Homeowner's insurance

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Homeowner's Insurance

Insurance that the buyer of a private residence purchases providing coverage for most damage to the residence. Typically, homeowner's insurance covers damage from fire, deliberate or accidental destruction of the home by a person, and other, similar matters. Nearly all homeowner's insurance policies exclude acts of God like earthquakes and floods from coverage, though one may buy supplementary policies to cover these eventualities.
Farlex Financial Dictionary. © 2012 Farlex, Inc. All Rights Reserved

Homeowner's insurance.

Homeowners insurance is a contract between an insurance company and a homeowner to cover certain types of damage to the property and its contents, theft of personal possessions, and liability in case of lawsuits based on incidents or events that occur on the property.

To obtain the insurance, which is based on the value of the home and what is covered in the policy, you pay a premium set by the insurance company.

For each claim there's generally a deductible -- a dollar amount -- that you must pay before the insurer is responsible for its share. If you have a mortgage loan, your lender will require you to have enough homeowners insurance to cover the amount you owe on the loan.

Homeowners insurance policies vary substantially from contract to contract and from insurer to insurer as well as from region to region. Almost all policies have exclusions, which are causes of loss that are not covered. All the coverage and exclusions of a particular policy are spelled out in the terms and conditions.

Dictionary of Financial Terms. Copyright © 2008 Lightbulb Press, Inc. All Rights Reserved.
References in periodicals archive ?
If you are satisfied with your auto insurance coverage (see the January 2019 CPA Client Bulletin), look into that company's homeowner's policies. You also can question relatives, friends, or business associates to see if they've had good experiences with an insurer's homeowner's policy.
In most cases, homeowner's policies do not cover the expense of bringing a house up to code or meeting certain ordinances (including floodplain requirements) if the house did not meet these requirements when it was destroyed.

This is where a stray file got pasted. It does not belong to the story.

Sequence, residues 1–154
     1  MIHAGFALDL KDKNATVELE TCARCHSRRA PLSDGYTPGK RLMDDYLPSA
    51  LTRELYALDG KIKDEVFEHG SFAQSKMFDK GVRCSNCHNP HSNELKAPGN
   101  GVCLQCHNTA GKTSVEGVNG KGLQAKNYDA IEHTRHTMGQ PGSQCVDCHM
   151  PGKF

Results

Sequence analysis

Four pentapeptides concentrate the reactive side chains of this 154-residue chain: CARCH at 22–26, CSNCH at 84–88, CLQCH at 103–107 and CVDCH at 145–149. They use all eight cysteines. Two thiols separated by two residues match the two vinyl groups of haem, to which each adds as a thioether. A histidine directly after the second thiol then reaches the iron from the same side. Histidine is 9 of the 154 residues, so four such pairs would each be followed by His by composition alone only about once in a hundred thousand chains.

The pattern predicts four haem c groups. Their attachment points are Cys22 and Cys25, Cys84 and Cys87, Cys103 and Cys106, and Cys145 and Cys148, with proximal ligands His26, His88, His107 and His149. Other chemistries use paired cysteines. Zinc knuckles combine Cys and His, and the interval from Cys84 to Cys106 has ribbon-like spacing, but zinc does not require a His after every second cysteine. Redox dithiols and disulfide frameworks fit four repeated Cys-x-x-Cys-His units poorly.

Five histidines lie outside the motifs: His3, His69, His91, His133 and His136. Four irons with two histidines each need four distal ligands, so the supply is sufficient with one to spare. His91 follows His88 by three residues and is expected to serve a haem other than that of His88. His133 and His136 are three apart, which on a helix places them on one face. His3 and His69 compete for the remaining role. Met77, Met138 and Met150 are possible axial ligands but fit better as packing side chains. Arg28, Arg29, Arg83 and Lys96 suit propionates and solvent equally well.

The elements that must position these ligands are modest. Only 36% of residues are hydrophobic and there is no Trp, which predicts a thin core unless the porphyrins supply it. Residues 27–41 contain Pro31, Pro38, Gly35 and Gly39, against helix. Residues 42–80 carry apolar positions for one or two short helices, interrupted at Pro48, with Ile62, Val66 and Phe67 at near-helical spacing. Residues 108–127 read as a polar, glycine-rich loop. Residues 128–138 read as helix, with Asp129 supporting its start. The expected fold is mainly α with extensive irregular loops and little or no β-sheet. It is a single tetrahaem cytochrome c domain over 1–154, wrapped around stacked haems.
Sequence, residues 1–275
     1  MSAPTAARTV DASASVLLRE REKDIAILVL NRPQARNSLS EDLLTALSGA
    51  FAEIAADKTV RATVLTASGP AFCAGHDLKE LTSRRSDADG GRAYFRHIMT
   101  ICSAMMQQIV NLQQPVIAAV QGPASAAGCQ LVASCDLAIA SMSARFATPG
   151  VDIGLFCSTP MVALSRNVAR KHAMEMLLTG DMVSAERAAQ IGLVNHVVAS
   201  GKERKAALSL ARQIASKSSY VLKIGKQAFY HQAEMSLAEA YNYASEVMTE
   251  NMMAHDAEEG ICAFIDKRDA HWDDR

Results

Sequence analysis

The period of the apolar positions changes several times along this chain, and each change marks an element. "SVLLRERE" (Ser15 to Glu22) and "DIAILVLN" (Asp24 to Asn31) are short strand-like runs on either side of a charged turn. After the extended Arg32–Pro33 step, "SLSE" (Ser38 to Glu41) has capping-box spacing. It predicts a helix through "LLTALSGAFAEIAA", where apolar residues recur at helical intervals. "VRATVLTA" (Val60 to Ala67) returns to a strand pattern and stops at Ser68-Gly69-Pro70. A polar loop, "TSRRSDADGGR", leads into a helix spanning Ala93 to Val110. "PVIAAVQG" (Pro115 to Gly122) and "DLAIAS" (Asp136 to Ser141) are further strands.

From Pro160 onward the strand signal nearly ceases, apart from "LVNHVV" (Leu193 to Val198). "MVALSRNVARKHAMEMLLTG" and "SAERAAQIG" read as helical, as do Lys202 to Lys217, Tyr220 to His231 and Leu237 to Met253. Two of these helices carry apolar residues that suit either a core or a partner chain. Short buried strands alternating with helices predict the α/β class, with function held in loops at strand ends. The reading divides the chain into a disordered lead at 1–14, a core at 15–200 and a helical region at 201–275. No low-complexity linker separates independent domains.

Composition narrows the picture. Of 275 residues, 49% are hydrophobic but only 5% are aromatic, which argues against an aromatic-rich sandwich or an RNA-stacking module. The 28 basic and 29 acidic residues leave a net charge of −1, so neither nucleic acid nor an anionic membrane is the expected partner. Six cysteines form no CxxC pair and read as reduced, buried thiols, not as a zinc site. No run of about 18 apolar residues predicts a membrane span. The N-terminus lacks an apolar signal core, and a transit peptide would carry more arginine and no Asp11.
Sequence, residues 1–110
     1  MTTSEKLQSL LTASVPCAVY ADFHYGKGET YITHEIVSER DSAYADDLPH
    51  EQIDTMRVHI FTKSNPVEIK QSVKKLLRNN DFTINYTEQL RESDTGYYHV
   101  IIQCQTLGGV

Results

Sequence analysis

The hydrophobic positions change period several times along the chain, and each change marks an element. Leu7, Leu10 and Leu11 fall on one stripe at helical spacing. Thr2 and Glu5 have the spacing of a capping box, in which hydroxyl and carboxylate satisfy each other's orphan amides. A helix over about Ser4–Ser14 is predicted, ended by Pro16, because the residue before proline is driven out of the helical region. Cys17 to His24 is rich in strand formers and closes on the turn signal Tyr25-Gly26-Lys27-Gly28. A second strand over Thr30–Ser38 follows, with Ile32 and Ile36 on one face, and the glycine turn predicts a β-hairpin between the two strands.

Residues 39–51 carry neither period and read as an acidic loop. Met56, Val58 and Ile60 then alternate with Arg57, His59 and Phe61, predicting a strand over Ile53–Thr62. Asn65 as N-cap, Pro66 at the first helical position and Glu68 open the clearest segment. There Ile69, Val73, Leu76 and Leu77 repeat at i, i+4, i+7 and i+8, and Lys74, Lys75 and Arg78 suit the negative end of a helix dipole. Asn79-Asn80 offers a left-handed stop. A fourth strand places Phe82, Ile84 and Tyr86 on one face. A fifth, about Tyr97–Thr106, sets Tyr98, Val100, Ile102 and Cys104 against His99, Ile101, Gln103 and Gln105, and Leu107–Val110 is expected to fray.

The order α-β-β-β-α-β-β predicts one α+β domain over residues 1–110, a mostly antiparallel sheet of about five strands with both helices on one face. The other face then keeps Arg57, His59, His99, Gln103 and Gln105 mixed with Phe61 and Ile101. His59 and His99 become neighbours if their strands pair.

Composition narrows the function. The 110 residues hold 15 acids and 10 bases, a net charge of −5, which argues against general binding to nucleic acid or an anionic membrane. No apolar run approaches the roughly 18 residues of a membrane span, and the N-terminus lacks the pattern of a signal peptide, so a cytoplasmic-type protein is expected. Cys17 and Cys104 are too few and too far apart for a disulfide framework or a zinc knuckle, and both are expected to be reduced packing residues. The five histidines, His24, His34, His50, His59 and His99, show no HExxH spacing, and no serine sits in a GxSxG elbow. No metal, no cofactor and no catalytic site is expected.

Standard homeowner's policies do not cover flood damage.
The law only applies to basic homeowner's policies, but it doesn't apply to claims that you would file with your windstorm policy or your flood policy.
Is flooding often covered in homeowner's policies? If not, how will that affect most Harvey victims?
The Department has received numerous complaints from consumers who have experienced cancellations of their homeowner's policies after insurers claimed that their residence had become unoccupied.
Homeowner's policies are as varied as the companies that write them, but many people just don't realize that when it comes to insuring rural property, most policies exclude coverage for added risks involved with agricultural operations.
It is important to be aware that while homeowner's policies do generally give a small amount of insurance on business inventory, there are strict exclusions for liability claims arising from any "for-profit" activities.
At the same time, homeowner's policies go one step further to cover what's inside your home.
Like Cary, you shouldn't settle for the shortcomings of the most basic of homeowner's policies. To start, you should carry guaranteed replacement coverage, an enhancement that generally adds no more than 10% to your premium.
Most homeowner's policies contain an express exclusion for liability coverage where loss arises from the "ownership, use or operation" of an automobile.
Most homeowner's policies do not cover business losses, although some companies offer a rider.

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